THIS WEEK’S HEADLINES
This week we feature two stories emerging from Ethiopia. First the country recently won patent rights at The Court of The Hague for products made from teff, an ancient grain native to Ethiopia and which is its staple food. The patent will allow Ethiopia to supply teff to Europe, supporting farmers. The victory comes after a dispute with Dutch company Health and Performance Food International (HPFI), which registered patent rights for teff products in the Netherlands, Italy, Britain, Germany and Austria. Winning the patent rights back will allow Ethiopia to sell its teff products to Europe unhindered. Ethiopian diplomat Fitsum Arega, currently the Ethiopian Ambassador to the United States, commented, “I hope we can learn from this that our national assets must be protected by Ethiopians and friends of Ethiopia.”
Ethiopia has also increased its adoption of improved chickpea varieties more than twofold in seven years, reports a post from the International Crops Research Institute for the Semi-Arid Tropics (ICRISAT). A study published in the International Journal of Agricultural Sustainability states that the percentage of smallholder farmers growing improved chickpea varieties grew from 30 to 80 percent. The study argues that smallholder farmers will only adopt innovations if they offer significant benefit. “In the end, only innovations that clearly outperform locally available technologies and manifest limited downside risks are likely to be adopted on a large scale,” it says.
In the United States an international team of researchers has successfully genetically modified cassava to contain high levels of iron and zinc – “up to 50% of the dietary requirement for iron and up to 70% for zinc in children aged 1 to 6 years” according to a report in the American Council on Science and Health. The hope is that this development will help provide substantial nutrition boost for people who rely on the root as their staple food.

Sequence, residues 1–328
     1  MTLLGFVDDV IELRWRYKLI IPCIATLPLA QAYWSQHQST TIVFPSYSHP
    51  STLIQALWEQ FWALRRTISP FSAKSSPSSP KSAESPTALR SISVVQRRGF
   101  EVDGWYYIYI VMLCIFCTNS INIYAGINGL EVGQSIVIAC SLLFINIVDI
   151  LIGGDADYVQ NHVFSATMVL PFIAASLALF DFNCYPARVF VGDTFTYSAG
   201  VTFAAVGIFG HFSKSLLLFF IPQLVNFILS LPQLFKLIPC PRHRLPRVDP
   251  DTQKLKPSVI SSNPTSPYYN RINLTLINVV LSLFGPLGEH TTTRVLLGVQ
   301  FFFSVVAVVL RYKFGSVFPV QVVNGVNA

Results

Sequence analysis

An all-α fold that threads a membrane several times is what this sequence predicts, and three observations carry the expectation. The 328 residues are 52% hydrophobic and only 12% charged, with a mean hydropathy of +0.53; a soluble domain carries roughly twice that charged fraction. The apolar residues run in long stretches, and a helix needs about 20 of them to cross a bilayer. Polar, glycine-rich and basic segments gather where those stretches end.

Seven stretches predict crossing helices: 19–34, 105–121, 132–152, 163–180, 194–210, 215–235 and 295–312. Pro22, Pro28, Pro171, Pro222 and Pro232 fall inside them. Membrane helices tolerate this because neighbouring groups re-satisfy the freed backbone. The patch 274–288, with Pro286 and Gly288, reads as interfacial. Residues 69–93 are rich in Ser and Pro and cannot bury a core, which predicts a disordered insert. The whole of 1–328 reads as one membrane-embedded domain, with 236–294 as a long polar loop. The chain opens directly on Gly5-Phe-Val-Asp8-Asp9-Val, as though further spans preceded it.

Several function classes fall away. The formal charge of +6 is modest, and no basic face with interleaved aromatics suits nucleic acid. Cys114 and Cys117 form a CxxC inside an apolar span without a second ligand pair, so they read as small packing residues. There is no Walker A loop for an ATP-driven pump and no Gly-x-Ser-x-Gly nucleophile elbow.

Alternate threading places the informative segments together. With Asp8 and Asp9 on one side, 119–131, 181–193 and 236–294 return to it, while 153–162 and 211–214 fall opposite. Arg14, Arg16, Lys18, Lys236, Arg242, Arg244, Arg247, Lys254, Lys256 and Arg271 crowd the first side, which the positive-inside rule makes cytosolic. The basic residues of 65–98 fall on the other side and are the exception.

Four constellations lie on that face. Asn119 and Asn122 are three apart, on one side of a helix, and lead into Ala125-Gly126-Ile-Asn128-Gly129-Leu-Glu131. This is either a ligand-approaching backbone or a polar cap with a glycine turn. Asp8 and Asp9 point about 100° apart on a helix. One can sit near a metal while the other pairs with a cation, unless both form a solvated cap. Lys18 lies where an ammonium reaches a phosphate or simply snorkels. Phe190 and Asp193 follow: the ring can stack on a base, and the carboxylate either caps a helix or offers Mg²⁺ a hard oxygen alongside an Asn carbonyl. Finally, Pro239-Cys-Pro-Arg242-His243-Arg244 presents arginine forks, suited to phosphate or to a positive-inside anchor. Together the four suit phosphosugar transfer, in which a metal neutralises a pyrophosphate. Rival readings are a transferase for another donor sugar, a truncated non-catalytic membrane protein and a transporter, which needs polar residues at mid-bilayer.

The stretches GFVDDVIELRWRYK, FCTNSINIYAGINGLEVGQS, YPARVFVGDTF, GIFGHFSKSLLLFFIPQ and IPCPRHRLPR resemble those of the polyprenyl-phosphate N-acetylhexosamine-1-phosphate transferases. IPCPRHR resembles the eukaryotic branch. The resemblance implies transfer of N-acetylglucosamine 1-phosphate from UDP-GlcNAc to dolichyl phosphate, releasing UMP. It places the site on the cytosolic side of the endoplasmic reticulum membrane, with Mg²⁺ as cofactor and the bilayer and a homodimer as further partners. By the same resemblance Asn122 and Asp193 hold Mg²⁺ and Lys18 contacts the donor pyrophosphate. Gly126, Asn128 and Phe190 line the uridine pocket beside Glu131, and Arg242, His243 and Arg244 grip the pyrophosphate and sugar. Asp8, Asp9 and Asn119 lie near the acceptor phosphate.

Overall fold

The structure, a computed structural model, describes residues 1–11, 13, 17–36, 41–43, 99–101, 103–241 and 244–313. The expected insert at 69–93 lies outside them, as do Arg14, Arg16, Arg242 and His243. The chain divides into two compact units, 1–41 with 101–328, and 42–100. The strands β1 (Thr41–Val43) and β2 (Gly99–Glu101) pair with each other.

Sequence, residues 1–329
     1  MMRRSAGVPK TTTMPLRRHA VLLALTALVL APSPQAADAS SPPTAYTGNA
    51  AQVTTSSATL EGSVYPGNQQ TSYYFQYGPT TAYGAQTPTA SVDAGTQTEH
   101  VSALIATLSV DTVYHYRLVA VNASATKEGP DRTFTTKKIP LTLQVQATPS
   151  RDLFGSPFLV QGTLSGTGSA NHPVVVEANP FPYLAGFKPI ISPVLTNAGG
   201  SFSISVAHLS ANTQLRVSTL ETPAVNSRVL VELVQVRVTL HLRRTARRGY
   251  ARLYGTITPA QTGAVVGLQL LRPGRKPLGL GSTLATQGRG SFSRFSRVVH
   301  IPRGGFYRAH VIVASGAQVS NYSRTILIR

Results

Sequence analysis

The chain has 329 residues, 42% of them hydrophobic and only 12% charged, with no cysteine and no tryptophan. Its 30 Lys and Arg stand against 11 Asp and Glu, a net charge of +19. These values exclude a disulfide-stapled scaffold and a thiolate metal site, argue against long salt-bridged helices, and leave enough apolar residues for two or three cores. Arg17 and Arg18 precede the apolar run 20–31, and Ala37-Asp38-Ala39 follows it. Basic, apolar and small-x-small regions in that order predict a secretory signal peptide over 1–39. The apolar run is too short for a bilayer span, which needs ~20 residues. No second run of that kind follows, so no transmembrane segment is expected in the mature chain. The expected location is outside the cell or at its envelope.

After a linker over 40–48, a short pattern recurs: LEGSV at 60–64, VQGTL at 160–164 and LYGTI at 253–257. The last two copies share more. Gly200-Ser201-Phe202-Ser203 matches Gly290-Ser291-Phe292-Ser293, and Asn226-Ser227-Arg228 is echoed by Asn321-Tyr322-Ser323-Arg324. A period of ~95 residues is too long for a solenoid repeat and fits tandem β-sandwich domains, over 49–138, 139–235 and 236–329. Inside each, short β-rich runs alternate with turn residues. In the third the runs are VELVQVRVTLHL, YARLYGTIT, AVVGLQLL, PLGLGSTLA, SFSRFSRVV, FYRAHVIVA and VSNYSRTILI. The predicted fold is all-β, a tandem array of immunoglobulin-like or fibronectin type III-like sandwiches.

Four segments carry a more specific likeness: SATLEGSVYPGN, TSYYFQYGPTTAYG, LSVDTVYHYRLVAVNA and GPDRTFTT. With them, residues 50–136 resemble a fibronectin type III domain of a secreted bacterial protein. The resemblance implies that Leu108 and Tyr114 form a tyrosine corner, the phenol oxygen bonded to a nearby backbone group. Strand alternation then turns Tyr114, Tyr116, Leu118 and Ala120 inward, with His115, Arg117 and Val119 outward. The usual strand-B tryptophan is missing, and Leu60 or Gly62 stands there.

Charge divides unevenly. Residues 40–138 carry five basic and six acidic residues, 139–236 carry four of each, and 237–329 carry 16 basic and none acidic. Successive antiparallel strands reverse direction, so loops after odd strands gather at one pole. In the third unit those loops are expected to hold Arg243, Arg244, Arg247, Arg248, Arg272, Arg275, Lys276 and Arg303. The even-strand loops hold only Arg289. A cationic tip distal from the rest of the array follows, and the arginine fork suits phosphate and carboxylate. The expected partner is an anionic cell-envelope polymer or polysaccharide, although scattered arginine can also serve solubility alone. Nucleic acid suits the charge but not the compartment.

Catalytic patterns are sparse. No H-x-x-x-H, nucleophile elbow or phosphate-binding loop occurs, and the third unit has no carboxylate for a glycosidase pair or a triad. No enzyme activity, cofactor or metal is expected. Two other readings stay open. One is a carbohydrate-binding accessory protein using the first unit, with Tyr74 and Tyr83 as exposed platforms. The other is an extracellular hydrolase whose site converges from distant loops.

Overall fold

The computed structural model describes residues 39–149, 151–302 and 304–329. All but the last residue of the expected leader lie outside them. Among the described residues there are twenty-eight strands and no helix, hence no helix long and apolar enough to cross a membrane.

From the B4FA Fellows, we hear from Daily Monitor regular contributors Lominda Afedraru, who writes about controlling banana viruses on farm, and Michael Ssali, who considers the need for good post-harvest practices.
We welcome questions, comments and story links to email@example.com. Please also visit B4FA.org for further reading and useful resources – and follow us on Twitter or Facebook to keep up with daily news and join the conversation.
Growth of Uganda’s seed sector exposes major anti-GMO claims
Alliance for Science
Nigerian agriculture embraces the future
Global Farmer Network
New GMO cotton variety could boost yields while thriving under drought conditions
Genetic Literacy Project
CRISPR gene editing: Using ‘nature’s own tools’ to combat food waste and climate change
Genetic Literacy Project
New plant genome cloning method promises to bust rust, other diseases in wheat
University of Minnesota
Uganda: Controlling banana viruses on farm
Daily Monitor, by B4FA Fellow Lominda Afedraru
Need for good post-harvest practices
Daily Monitor, by B4FA Fellow Michael Ssali
AGCO launches Farm in a Box for rural African communities
Feedback: Melon farming do’s and don’ts
Climate change and environment
Why climate resilient crops must be the future
Energy and innovation
African rice smallholders are increasingly using low-quality, unregistered herbicides because of inadequate capacity of governments to enforce strict monitoring of national pesticides regulations
Energy and innovation
Pests and diseases
Since the fall armyworm was confirmed for the first time in India this past summer, it has spread quickly – now confirmed in Bangladesh, Myanmar, Sri Lanka, Thailand, and Yemen, and suspected in Nepal
Earth Island Journal
The GM debate
I fight anti-GMO fears in Africa to combat hunger
Opportunities and resources
CRAWFORD FUND: Are you at university studying agriculture, animal production, fisheries, forestry, natural resource management or any area related to food and nutrition security? Would you like to explore your subject area in an international agricultural project context?
UC Davis is partnering with European institutions and associations to offer Class V of the European Plant Breeding Academy. This programme, starting in Oct 2019, is for working professionals who want to become fully trained plant breeders
University of California
Are you a good communicator? Do you want to help improve the lives of smallholder farmers? Work toward food security? Join a global network of dedicated science champions? Apply to be a Global Leadership Fellow!
Cornell Alliance for Science